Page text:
+          <p>Apache Composer Components are simpler in they they do not force an extensive XML markup, nor require the implementing of certaing interfaces or extening base classes. Quite importantly the relationship between factory (home), implementation (bean) and interface (remote) parts is much more real in Apache Composer-style components. EJB 2.0 components are nearly impossible to unit-test without much effort.</p>
+          <p>With the advent of EJB 3.0 (which the our team directly influenced), things became easier for EJB developers. Annotations were used to mark fields, and methods for injection. Strangely constructors were not eligible for injection. It was reported back to the our team that it was felt that the J2EE container makers would not find it easy making multi-argument constructor injection a reality.</p>
+        </div>
+        <div>
+          <h3>Servlets</h3>
+          <p>Not so obvious - Servlets are contained by a servlet container. They are generally bundled with (or replaced by) value added propositions like JSP, but it is still a container/component design. High use of XML for assembly and configuration. Servlets have no concept of parent container or the conatainer above that (sometimes EJB) and its provision of components, which is very unfortunate. Servlets have a number of interfaces to honor, none of which is too malignent. Servlets typically deal with external (or parent) components via RMI or JNDI. In more recent releases of EJB, local interfaces rather than RMI may be the mechanism for connection the parent components. WebLogic have always provided an optimizing mechanism for this interoperation</p>
+          <p>As with EJB, Apache Composer Components are far simpler. This is probably because they offer no web experience, without an extension. Servlets again are not that unit-testable.</p>
+        </div>
+        <div>
+          <h3></a>Applets</h3>
+          <p>Applets, though presently not so often used, are a good example of Container/Component separations. There is very little XML in use by Applets. Configuration is typically delivered in applet tags in HTML. Applets are granted some access to the parent container, the brower, and its DOM model for pages and other applets. There very little standardisation for Browser as a container.</p>
+          <p>As with EJB, Apache Composer Components are far simpler. Applets are unit-testable but with a little effort. Complex DOM interoperation is impossible under unit testing.</p>
+        </div>
+        <div>
+          <h3>Mainable (Not actually a container)</h3>
+          <div class="source">
+            <div>
+              <pre>public static void main(String[] args) {}</pre>
+            </div>
+          </div>
+          
+
+          <p>Familiar? Hopefully not <img class="emoticon" src="http://docs.codehaus.org/images/icons/emoticons/smile.gif" height="20" width="20" align="absmiddle" alt="" border="0" />Static plays no part in a good IoC container/component design. This includes static launching of Java Webstart (JNLP) applications. If you have to keep mainable functionaility separate your components away from the main() class so they may be instntiated separately. In .NET you'll have to make sure that the application assembly is a small bootstrap to a component one.</p>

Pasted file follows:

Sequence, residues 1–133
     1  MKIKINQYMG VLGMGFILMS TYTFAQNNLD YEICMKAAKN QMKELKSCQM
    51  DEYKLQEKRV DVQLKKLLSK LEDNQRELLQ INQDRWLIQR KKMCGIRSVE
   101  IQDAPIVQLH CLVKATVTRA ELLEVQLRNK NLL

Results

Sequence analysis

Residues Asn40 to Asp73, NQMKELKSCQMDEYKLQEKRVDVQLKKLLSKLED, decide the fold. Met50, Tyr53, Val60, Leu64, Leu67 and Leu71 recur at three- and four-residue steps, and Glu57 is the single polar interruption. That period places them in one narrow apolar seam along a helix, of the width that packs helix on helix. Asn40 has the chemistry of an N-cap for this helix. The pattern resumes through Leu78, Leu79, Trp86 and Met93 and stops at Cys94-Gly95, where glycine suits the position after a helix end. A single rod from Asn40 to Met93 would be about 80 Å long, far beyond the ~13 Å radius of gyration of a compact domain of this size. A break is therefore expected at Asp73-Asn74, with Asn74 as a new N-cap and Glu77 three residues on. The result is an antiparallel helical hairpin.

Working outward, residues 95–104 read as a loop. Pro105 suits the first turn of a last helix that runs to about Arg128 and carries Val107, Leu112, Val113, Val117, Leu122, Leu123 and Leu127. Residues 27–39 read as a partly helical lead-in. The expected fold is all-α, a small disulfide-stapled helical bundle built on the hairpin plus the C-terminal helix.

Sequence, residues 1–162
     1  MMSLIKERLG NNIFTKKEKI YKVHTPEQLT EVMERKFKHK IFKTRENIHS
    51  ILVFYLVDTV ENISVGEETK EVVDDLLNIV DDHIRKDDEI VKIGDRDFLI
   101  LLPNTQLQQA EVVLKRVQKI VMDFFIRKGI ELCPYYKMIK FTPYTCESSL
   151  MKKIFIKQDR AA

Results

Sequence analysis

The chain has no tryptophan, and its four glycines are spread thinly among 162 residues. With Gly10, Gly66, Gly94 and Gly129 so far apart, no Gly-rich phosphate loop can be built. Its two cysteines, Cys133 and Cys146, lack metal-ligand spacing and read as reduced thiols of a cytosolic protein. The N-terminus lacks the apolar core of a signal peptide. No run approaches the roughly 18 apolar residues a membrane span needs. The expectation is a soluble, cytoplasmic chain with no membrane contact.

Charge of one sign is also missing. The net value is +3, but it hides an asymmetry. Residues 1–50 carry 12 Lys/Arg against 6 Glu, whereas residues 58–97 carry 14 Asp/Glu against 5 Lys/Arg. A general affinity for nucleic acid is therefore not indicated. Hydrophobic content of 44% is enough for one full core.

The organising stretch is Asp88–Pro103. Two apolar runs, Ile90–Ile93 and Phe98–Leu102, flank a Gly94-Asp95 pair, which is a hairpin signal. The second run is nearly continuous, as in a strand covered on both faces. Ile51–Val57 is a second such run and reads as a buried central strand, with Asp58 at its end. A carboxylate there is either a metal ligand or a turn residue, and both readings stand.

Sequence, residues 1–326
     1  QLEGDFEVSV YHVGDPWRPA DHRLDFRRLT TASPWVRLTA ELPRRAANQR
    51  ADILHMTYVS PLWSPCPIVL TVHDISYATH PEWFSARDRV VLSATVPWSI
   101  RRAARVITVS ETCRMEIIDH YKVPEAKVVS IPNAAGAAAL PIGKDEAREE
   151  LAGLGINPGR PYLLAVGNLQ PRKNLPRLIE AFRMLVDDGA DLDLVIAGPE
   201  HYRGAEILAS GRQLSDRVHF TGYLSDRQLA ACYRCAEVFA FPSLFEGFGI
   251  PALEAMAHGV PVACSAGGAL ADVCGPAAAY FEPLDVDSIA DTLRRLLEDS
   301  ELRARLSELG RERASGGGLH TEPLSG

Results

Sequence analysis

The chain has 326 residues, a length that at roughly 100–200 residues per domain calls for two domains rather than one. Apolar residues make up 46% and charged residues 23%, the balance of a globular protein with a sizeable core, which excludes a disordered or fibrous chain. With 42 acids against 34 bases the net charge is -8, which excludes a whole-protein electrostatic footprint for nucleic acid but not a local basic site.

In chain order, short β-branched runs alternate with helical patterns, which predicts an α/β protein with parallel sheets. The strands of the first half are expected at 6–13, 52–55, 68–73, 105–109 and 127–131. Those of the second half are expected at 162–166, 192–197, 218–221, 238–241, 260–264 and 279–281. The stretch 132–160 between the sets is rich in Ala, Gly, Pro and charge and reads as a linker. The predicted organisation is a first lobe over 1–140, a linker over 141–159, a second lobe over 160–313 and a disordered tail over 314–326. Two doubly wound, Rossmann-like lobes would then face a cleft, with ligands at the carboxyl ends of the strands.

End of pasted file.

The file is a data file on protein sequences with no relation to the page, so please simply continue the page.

+        </div>
+        <div>
+          <h3>JNDI (Java API)</h3>
+          <p>A huge map of clunkily access components via a very non-IoC mechanism. It has to be strapped with much XML to prevent inappropriate access. This is not IoC because the component reaches out for external component dependancies whenever it feels like. This last fact clouds Serlvets and EJB use.</p>
+        </div>
+        <div>
+          <h3>AWT, Swing, SWT (Java graphic toolkits)</h3>
+          <p>Nice container/component designs. In the case of Swing, perhaps a little difficult for coders to easily assemble applications.</p>
+        </div>
+        <div>
+          <h3>Eclipse (Java graphical application platform)</h3>
+          <p>The <a href="http://eclipse.org">Eclipse</a> platform is very compelling. It supports the notion of a pluggable application concept. Each component statically accesses other components via a factory (which at least Paul does not like), though it is clear that some complex classloader magic is going on. The underpinning set of graphical components, SWT , are a simple and elegant design.</p>
+        </div>
+      </div>
+    </div>
+
+</body>
+</html>

Added: incubator/composer/trunk/composer-site/src/site/content/component-configuration.html
URL: http://svn.apache.org/viewvc/incubator/composer/trunk/composer-site/src/site/content/component-configuration.html?rev=618174&view=auto